Speedsters, it appears, are not as blessed as endurance athletes in the ageing-and-performance stakes. To add another blow, creatine phosphate, that premium ingredient for short-term activity, also declines with age.
Flexibility, another important physiological variable for sprinting, also declines with age as our soft tissue hardens and our joints stiffen. What are the known effects on performance of these various reductions in capacity?
It gets worse! Numerous studies have indicated that stride length declines considerably with age. Unsurprisingly, his research team discovered a general decline in sprint performance with age, which was particularly marked for those aged Key to this decline was an accelerating reduction in stride length and an increase in contact time, with stride rate remaining largely unaffected until the oldest age groups in both genders.
Table 1: Master m world records by ascending age. The implication is that the oldest veteran sprinters may need to take almost twice as many steps in the m as their younger counterparts. More positively, though, this research group also found that stride frequency did not decline significantly with age 2. Take note of the phenomenal times recorded by master m sprinters; these indicate that it is possible to maintain a significant amount of speed with age.
Hill sprinting can reverse these negatives; the gradient will emphasis dorsiflexion a greater toe-up foot position on foot strike, which will, in turn, generate more work for the calf muscles on push off, enhancing stride length and reducing contact time on the level. Lower limb and ankle strength and power are crucial for sprinters of all ages, although they can be overlooked by coaches and athletes in favour of conditioning the quadriceps and glutes. One of the key factors contributing to the age-related decline in stride length is the action of the free leg as it leaves the running surface and the foot travels a curvilinear path beneath the body to a forward position in preparation for the subsequent foot strike.
This action relies on hip, glute and hamstring strength. For the oldest runners in the study, this meant that the lower part of the leg attained a right angle with the thigh at the point of maximum flexion, dramatically slowing free leg transition into the next stride. Hill sprints can play a key role in combating this lower leg lethargy; by creating a greater leg drive, they can increase the speed of the free leg through reaction to the ground and condition a much more effective and speedy biomechanical sprinting action.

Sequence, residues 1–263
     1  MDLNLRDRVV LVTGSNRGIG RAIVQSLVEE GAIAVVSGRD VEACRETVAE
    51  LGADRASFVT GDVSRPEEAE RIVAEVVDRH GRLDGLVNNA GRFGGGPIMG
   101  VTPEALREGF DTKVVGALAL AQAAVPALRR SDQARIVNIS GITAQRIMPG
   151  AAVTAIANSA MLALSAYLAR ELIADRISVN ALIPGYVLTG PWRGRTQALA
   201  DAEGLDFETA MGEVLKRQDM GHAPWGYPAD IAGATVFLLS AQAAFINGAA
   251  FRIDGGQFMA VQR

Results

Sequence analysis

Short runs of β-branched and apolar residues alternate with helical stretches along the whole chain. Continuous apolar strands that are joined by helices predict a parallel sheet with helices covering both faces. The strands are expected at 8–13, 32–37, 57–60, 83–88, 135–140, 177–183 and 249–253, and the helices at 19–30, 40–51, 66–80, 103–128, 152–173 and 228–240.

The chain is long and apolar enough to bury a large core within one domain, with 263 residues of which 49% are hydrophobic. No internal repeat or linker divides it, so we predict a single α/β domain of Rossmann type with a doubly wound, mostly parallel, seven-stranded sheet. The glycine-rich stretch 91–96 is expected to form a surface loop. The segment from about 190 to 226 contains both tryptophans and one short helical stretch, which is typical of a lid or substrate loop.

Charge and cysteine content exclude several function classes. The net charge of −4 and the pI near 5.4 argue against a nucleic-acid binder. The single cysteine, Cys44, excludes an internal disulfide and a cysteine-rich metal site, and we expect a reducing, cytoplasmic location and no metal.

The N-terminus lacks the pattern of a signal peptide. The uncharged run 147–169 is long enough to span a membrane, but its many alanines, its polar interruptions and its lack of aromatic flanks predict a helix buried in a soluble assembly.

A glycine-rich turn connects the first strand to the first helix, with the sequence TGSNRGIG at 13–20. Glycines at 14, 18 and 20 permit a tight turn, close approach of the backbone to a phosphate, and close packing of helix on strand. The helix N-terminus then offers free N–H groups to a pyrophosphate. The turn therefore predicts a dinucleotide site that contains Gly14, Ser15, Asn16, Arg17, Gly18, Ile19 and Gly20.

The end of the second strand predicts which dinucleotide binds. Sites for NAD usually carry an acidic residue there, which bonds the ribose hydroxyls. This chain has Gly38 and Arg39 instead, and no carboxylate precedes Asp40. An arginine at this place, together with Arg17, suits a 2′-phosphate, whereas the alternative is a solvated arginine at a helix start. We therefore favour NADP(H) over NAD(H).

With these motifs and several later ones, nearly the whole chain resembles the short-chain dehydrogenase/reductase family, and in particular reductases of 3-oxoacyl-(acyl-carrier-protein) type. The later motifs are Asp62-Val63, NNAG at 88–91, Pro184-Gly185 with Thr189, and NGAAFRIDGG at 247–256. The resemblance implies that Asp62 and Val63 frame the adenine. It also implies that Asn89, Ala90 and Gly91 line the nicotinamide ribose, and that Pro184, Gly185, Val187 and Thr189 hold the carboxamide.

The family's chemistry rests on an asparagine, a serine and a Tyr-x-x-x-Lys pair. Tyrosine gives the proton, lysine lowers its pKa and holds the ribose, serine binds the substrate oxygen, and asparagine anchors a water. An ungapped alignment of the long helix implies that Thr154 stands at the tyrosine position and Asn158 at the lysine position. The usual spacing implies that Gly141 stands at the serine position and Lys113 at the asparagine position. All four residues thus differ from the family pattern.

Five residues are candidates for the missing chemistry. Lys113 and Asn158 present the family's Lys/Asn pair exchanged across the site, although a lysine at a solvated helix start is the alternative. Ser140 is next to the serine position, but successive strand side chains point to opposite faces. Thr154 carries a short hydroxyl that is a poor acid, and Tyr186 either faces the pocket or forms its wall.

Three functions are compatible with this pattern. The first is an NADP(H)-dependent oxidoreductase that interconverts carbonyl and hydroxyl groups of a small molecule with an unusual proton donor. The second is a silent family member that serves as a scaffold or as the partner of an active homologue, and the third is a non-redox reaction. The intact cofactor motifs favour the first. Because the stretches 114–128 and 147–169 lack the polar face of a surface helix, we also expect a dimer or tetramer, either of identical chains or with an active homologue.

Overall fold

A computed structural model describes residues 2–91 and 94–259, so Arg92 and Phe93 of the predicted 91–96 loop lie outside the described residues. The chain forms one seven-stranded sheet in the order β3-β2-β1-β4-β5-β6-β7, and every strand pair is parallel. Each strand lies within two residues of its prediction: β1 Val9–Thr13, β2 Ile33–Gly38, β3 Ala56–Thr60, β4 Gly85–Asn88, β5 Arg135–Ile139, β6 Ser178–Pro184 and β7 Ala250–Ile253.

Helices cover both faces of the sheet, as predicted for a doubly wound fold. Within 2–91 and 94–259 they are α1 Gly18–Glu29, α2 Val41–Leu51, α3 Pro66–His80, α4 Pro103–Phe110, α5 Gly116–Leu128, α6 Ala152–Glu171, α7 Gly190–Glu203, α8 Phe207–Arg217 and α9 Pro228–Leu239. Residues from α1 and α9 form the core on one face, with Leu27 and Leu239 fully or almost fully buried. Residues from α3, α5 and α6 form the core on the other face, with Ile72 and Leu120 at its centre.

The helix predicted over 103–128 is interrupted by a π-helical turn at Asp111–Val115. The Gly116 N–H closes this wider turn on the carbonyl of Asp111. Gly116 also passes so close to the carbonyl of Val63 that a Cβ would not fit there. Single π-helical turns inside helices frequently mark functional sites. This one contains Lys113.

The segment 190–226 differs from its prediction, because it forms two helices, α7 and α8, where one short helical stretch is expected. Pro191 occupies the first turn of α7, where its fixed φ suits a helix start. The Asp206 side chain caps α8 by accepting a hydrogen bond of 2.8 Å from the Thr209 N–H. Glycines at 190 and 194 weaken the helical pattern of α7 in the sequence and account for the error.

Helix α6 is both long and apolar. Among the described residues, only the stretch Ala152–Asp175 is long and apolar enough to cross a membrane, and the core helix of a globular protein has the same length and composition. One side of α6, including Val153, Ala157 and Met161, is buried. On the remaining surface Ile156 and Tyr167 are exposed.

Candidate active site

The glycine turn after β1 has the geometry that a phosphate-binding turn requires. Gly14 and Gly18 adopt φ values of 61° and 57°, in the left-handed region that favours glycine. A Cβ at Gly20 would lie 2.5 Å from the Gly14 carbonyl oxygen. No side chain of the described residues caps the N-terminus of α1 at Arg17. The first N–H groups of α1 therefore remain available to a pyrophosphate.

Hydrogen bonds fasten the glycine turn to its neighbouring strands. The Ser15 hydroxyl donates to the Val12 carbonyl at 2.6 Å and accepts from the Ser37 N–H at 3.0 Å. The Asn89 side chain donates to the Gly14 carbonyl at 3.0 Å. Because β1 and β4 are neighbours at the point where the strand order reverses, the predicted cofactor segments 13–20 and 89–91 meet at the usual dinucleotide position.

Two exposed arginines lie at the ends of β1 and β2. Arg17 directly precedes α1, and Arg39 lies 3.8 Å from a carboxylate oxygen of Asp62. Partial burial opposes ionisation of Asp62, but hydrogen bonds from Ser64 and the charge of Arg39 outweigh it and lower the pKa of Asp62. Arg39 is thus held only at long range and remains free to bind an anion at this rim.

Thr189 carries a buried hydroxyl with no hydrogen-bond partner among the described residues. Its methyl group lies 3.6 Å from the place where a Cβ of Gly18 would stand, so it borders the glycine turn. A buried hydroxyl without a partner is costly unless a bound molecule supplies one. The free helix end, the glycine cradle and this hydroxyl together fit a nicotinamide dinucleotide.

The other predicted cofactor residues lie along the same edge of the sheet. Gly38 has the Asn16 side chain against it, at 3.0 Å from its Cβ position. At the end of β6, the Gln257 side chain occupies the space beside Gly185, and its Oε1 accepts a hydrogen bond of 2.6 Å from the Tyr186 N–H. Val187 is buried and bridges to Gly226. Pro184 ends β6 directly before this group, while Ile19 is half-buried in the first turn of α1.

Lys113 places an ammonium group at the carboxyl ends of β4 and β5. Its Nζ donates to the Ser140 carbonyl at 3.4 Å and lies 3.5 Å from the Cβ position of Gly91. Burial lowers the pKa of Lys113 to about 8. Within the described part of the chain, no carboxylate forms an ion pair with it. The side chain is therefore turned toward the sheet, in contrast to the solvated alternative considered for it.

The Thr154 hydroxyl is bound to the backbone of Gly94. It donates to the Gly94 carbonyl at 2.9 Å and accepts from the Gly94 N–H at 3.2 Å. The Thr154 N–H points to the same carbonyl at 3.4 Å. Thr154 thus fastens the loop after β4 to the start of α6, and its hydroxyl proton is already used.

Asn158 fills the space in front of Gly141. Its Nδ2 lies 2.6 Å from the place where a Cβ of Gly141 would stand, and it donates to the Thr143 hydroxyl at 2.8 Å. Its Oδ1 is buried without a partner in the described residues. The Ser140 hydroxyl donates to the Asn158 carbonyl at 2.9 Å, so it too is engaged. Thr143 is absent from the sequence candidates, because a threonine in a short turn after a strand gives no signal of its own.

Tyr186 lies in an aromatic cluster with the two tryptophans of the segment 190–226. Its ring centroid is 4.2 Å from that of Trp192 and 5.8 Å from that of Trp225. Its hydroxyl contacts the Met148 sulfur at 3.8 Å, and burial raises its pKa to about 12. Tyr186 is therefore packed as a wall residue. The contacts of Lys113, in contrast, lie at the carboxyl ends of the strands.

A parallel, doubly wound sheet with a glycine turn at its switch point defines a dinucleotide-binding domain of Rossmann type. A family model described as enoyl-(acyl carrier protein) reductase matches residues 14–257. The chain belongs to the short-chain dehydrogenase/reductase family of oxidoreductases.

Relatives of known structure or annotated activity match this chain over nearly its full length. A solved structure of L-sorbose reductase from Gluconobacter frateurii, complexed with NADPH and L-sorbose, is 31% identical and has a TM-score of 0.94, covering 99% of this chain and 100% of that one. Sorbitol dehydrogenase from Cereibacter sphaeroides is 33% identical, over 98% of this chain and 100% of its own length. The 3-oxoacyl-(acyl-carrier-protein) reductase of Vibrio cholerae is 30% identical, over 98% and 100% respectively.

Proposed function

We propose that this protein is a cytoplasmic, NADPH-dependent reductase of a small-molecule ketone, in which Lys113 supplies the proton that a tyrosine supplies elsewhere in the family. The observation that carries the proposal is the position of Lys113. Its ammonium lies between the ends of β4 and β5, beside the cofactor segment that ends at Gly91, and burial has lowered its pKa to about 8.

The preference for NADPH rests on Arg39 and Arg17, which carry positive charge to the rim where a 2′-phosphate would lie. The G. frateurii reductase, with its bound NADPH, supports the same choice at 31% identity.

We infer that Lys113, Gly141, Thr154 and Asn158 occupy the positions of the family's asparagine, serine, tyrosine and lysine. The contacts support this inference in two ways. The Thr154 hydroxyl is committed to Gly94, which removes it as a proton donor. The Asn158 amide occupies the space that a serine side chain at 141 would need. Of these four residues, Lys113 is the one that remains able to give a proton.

Weight training is crucial for mature sprinters determined to hang on to as much zip as possible, particularly after 50 when muscle mass begins to decline more steeply.
Unfortunately, though, it has no impact on muscle fibre reduction, which is governed by an age-related decline in motor cells in the spinal cord. Weight training, by strengthening soft tissue, will also go some way towards protecting older speed merchants from injury. As mentioned above, stride length declines significantly with age, and plyometrics, like hill training, offers another significant training option for offsetting this decline.
Bounding and hopping are two very effective exercises for enhancing stride length. Exercise is known to stimulate growth hormone GH release, which is crucial for speed maintenance in later life 3. Growth hormone helps us hold on to more lean muscle mass, retain more energy and offset some of the general effects of ageing. The positive release of GH begins almost immediately after we start to exerciseand it seem that the higher the intensity of the exercise, the more GH will be released.
The first effort was completed against a resistance equal to 7. Blood samples were taken at rest, between the two sprints and one hour post exercise. Analysis of blood samples showed that the first effort elicited a much more significant serum GH response than the second. Note that, although both sprints generated the same peak and mean power outputs, the first allowed the cyclists to generate higher RPM scores — ie to pedal faster.